extended correspondence - highlights the difficulty of establishing
objective and exhaustive criteria for 'success' and 'failure'. What, precisely,
should we reasonably expect intelligence communities to know, and when
should they be expected to know it? This is clearly an important question
for anyone who is interested in reflecting upon ways of improving the
performance of intelligence.
These are just a few of the many fascinating issues that arise within and
between the three empirical essays. The two analytical essays add several
more. James Wirtz argues that strategic position, degree of
bureaucratization, and leadership style interact to induce characteristic
policy dangers and intelligence errors. Wirtz applies an appropriate
typology to the accounts given in the three empirical essays, and
demonstrates how it can help us find deeper patterns in the seemingly very
different experiences of the American, Soviet, and Cuban intelligence
communities. Beth Fischer demonstrates how several misperceptions,
misjudgments, and errors of inference - by intelligence analysts and policy
makers in all three countries - fit well with certain postulates of cognitive
and motivational psychology. Fischer argues that while many of the most
significant errors made by national leaders may have their roots in
emotional or psychological needs, the errors made by intelligence analysts
more likely reflect simple information processing errors to which all people
are prone simply by virtue of being human. Taken together, Wirtz and
Fischer suggest that organizational and procedural changes may to some
degree enhance the performance of intelligence and its ability to serve
policy makers, but that these are ultimately limited by the human capacity
to manage value trade-offs and to process information.
There is much more to be said about these five fascinating pieces and
their implications for our two subjects - the Cuban missile crisis and
intelligence - but we believe that this will suffice both to whet the appetite
and to orient the reader. Or perhaps we should say: to disorient the reader.
We have studied the missile crisis long enough and deeply enough to
develop a profound sense of wonderment that the world managed to escape
disaster in 1962, because of the depth and extent of the mistakes and
misunderstandings on all sides, and because of the bloomin', buzzin'
confusion both within and between all three countries. The following five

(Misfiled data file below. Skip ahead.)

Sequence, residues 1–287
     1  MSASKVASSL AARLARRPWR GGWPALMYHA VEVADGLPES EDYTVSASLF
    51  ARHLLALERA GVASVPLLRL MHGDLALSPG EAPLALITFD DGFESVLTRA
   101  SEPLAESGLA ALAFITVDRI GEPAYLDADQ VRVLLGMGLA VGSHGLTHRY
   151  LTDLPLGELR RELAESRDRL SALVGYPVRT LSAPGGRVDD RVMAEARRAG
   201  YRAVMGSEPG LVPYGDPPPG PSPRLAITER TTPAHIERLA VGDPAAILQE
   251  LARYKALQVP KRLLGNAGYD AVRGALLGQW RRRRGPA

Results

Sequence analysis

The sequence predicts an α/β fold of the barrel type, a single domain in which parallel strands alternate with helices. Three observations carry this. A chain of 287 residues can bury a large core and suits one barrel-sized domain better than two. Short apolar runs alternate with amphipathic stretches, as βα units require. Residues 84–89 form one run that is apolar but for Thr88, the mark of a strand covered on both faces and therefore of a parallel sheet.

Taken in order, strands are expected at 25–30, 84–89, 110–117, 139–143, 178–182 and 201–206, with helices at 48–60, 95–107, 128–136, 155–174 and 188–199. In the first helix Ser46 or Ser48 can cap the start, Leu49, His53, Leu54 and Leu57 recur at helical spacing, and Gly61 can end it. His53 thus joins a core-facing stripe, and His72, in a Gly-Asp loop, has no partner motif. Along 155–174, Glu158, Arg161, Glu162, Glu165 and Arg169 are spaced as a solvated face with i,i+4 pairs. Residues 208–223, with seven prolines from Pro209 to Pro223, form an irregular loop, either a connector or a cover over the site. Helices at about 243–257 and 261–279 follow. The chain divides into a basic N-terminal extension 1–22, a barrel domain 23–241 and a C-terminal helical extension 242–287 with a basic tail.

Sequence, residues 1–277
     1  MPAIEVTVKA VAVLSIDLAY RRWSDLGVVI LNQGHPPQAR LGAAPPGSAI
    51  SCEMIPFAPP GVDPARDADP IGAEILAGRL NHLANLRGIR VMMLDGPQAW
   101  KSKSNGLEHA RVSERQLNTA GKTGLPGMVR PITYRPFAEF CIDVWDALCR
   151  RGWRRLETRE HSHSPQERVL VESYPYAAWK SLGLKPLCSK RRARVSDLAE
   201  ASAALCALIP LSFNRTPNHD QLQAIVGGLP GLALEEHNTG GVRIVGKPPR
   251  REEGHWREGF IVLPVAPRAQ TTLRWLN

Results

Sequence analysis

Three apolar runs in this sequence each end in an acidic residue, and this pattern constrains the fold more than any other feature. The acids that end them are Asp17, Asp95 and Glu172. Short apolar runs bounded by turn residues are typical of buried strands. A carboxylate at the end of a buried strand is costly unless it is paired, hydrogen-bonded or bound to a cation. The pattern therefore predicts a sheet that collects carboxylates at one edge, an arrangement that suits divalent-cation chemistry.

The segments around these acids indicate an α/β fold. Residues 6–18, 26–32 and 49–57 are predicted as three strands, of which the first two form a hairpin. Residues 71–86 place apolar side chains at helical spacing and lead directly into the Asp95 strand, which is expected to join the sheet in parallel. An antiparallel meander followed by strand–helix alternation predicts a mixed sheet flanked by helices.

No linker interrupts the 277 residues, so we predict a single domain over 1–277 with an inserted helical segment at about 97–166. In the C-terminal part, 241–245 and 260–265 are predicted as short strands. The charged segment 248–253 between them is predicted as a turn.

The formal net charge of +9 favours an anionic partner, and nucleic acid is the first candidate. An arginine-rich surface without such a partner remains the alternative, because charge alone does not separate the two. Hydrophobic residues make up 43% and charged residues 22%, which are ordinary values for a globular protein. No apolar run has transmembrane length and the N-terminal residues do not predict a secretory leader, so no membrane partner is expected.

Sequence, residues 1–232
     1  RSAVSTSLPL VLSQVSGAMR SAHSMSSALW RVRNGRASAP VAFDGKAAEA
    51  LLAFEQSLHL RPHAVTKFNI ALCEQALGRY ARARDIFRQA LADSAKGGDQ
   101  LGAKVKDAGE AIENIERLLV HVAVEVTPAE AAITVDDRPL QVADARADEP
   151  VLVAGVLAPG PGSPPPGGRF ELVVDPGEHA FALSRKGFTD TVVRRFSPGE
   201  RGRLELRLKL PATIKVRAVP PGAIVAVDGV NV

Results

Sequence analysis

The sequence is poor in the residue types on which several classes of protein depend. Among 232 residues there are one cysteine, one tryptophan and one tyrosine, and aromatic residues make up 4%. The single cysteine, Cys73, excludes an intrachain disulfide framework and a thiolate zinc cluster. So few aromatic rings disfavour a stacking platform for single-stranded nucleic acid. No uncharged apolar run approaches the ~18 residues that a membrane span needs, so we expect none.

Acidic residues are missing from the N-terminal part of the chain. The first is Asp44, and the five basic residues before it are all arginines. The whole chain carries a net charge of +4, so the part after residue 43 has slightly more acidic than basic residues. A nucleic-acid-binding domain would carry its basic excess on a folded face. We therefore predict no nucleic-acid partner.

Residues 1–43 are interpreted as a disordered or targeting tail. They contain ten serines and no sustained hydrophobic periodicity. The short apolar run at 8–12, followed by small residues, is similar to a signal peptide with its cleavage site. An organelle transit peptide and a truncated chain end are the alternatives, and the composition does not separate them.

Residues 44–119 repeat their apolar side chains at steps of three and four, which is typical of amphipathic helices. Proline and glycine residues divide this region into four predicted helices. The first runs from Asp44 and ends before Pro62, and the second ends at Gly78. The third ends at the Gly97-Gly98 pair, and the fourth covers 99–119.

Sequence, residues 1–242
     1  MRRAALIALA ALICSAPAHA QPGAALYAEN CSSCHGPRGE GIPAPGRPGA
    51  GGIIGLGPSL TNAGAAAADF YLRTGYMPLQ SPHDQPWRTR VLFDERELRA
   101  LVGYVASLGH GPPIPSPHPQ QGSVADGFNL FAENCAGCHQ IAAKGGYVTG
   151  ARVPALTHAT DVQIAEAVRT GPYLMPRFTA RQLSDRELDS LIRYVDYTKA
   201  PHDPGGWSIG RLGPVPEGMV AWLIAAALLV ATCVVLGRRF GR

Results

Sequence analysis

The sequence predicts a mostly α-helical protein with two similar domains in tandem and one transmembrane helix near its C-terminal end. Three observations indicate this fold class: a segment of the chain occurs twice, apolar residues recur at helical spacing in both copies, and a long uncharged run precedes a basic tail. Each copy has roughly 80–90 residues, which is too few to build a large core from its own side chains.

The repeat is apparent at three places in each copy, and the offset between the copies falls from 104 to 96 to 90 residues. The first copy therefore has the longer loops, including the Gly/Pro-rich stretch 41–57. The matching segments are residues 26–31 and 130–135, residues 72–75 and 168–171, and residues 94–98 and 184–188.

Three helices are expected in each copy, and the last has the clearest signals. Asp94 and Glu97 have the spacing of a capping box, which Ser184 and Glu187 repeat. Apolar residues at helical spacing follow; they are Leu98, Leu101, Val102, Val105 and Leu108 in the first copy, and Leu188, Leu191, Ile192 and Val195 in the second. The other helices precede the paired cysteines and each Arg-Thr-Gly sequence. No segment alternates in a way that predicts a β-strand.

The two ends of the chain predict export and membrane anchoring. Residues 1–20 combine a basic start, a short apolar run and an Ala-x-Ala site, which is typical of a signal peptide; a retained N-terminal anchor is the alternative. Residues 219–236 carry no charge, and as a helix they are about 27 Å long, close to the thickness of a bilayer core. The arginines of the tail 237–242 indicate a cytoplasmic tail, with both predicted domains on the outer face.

essays only increase that sense of wonderment, because they further attest
to the idiosyncrasy, the incommensurability, the relativity, and perhaps
above all the 'noisiness' of the US, Soviet, and Cuban experiences of the
crisis. These essays require that we rethink our understanding of the event
in important ways: but they equally strongly buttress our conviction that, in
this respect at least, scholarship imitates life. Our own sense of the enduring
mystery of the Cuban missile crisis mirrors its profound mysteriousness to
those who precipitated it, coped with it, and somehow extricated themselves
from it. There are paradoxes in here - Escher-esque nesting dolls, for want
of a better metaphor — upon which we reflect further at the end of the
1. See, e.g., Len Scott and Steve Smith, 'Lessons of October: Historians, Political Scientists,
Policy-makers and the Cuban Missile Crisis', International Affairs 70 (Oct. 1994)
pp.659-84. For the purposes of this volume, we presume that the reader is familiar with the
broad outline of events. For a useful detailed chronology (with sources), see Laurence Chang
and Peter Kombluh (eds) The Cuban Missile Crisis, 1962: A National Security Archive
Documents Reader (NY: New Press 1992).
2. For pre-glasnost' Soviet sources, see Ronald R. Pope (ed.) Soviet Views on the Cuban Missile
Crisis: Myth and Reality in Foreign Policy Analysis (Lanham, MD: UP of America 1982).
For post-glasnost' discussion, see Raymond L. Garthoff, Reflections on the Cuban Missile
Crisis, rev. ed. (Washington DC: Brookings 1989); James G. Blight and David A. Welch, On
the Brink: Americans and Soviets Reexamine the Cuban Missile Crisis, 2nd ed. (NY:
Noonday 1990); Bruce J. Allyn, James G. Blight, and David A. Welch (eds) Back to the
Brink: Proceedings of the Moscow Conference on the Cuban Missile Crisis, January 27-28,
1989 (Lanham, MD: UP of America 1992); David A. Welch, James G. Blight, and Bruce J.